"Akeelah and the Bee"
Though I should resist mightily the development of Starbucks as moviemakers, with a confection this sweet I just couldn't stay away.
Not having any younguns to tote around, I generally stay from "family" fare, but "Akeelah and the Bee" is in a different class completely. The story of Akeelah (the simply adorable Keke Palmer) and her quest to compete in the National Spelling Bee is as smart as it is entertaining. Plus, you get Laurence Fishburne as her guru in the first performance he hasn't phoned in for a long time (and Booger is the school principal .. what more incentive do you need?)
Supplements for this glorious geekfest include three featurettes, "The Making of Akeelah and the Bee," "Two Peas in a Pod" and "Inside the Mind of Akeelah," plus deleted scenes and a gag reel. This is easily my pick of the week.
"Friends with Money"
My father and I went to see this one in the ATL, and I have to confess that it left me more than a little cold at the time. Out of love for Nicole Holofcener, who directed the nearly perfect "Lovely and Amazing," however, I'm gonna give it another chance on DVD.
As the title implies (it is, after all, almost as direct as "SoaP"), this is about four women, three of whom are relatively happily married and financially well-off, and a fourth who is struggling to get by. You couldn't ask for a better cast. Frances McDormand, Joan Cusack and Catherine Keener (who's so good I'd probably watch her in "Biodome 2") are the monied set, with Jennifer Aniston as the odd one out.
Maybe it's just a guy thing, but even with all these talented women on board, I just didn't get it. Feel free to let me know how wrong I am about this one.
"Charles Bukowski Tapes"
I'm not sure how well the movie has aged, but when I first saw it I thought Barbet Schroeder's "Barfly," based on Charles Bukowski's semi-autobiographical work, instantly became one of my favorite movies.
Now, Schroeder has compiled four hours worth of interviews he conducted with Bukowski, which no doubt reveal a colorful portrait of a troubled soul. That said, I'd never be able to go through the 52 interview segments in one sitting, but piece-by-piece they just might be fascinating.
"Lord of the Rings Trilogy - Limited Edition"
I love Peter Jackson and his Tolkein trilogy, but I can't help but think we're just getting snookered with this one.
I bought each of this great movies in their extended DVD form. Jackson's seamless weaving of additional material into the original movies for DVD made each one better. But enough is enough, Mr. Jackson.
If you do spring for these, you'll get the theatrical and extended versions of each movie, plus a full-length, behind-the-scenes documentary about each one by director Costa Botes. Personally, I'd much rather have Mr. Jackson set his sights on "The Hobbit" rather than keep living in the past, but if you somehow don't have these movies, they're definitely worth the investment.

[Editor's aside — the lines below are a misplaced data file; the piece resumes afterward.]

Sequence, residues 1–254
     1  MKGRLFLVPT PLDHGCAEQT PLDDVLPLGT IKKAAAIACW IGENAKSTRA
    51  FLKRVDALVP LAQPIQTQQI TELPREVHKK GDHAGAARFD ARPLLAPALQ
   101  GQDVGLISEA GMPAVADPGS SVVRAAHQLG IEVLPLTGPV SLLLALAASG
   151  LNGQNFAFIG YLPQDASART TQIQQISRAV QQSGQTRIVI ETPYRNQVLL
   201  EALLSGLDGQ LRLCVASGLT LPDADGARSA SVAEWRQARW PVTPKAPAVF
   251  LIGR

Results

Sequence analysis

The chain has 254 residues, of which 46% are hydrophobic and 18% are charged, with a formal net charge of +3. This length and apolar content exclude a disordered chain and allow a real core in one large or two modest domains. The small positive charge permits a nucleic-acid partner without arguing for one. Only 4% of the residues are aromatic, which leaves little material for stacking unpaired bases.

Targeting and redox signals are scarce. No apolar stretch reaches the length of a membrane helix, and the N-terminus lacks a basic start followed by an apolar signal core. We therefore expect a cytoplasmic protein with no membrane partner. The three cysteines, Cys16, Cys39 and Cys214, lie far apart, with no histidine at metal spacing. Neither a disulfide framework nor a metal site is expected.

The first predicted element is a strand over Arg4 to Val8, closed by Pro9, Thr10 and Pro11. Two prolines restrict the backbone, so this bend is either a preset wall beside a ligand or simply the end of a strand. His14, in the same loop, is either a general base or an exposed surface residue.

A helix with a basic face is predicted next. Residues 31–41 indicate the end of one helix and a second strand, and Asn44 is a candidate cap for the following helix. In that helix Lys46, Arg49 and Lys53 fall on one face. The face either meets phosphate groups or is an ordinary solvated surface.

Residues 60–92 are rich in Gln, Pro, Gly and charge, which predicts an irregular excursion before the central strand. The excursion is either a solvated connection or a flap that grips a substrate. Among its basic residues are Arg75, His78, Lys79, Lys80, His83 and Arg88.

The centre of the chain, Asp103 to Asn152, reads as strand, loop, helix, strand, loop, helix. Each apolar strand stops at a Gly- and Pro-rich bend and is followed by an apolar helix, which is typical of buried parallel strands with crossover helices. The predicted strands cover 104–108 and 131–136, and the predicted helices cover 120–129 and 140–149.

"Arrested Development - Season Three"
I just love this show, but in season three, the story just got so strange that you had the sense they knew early on that the end was near. That said, it was still the funniest thing on TV, and well worth checking out on DVD. Plus, by the end, it was nearly impossible to tell when Fox was gonna air the show, so I haven't seen all of these final shows yet.
The shortened season only managed 13 episodes, caught on two discs. Supplements include commentary on 3 episodes by creator Mitchell Hurwitz and the actors; 19 deleted and extended scenes, a blooper reel, and what must be a truly bittersweet featurette, "The Last Day on Location."
"South Park - The Complete Eighth Season"
I long ago had to curtail my buying of TV shows on DVD, but there are still certain shows that remain irresistable. Along with "The Simpsons" and "Gilmore Girls," this troika is completed by Trey Parker and Matt Stone's foul-mouthed 8-year-olds, now in their eighth season on DVD.
Highlights from this season include "Passion of the Jew," with Mel Gibson in a very prescient meltdown, and the twisted Christmas episode "Woodland Critter Christmas." My favorite episode, however, was I believe the premiere, which paints the boys in anime form with loving care. The satire is still sharp on this one, so if you can take that it's well worth a rental.
"The Best of the Awful Truth"
I love Michael Moore, but I have to admit, he definitely goes down best in small doses. He was often at his best on this Bravo show, which ran for two years and featured very brief glimpses of his muckraking madness. It's not always funny, but with these six episodes handpicked by Mr. Moore himself, it's well worth a rental.
"Pretty in Pink," "Some Kind of Wonderful"
How in the world did it take so long for these John Hughes/Howard Deutch '80s flicks to get the royal treatment on DVD? Of the two, "Pretty in Pink" is far superior, but they're both still fun to watch.
As you might expect, they're loaded with extras that play directly to our knack for nostalgia. The "Everything's Duckie Edition" of "Pretty in Pink" includes five featurettes, "The First time: The Making of Pretty in Pink," "Zoids and Richies," "Prom Queen: All About Molly," "Volcanic Ensembles" and "Prom Stories," commentary by Deutch, the original ending (huh?) and favorite scenes.
The "Special Collector's Edtion" of "Some Kind of Wonderful" includes three featurettes, "The Making of Some Kind of Wonderful," "Meet the Cast" and "The Music," commentary by Deutch and Leah Thompson, and a John Hughes time capsule.
Now that I think more about it, the only thing I really liked about "Some Kind of Wonderful" was that crazy version of "I Can't Help Falling in Love With You" by some British band I couldn't possibly recall the name of now. Oh well. Maybe time will make the heart grow fonder.
Whew! A lot of titles this week. Hope I've helped sort them out.
Tuesday, August 29, 2006
"Akeelah and the Bee"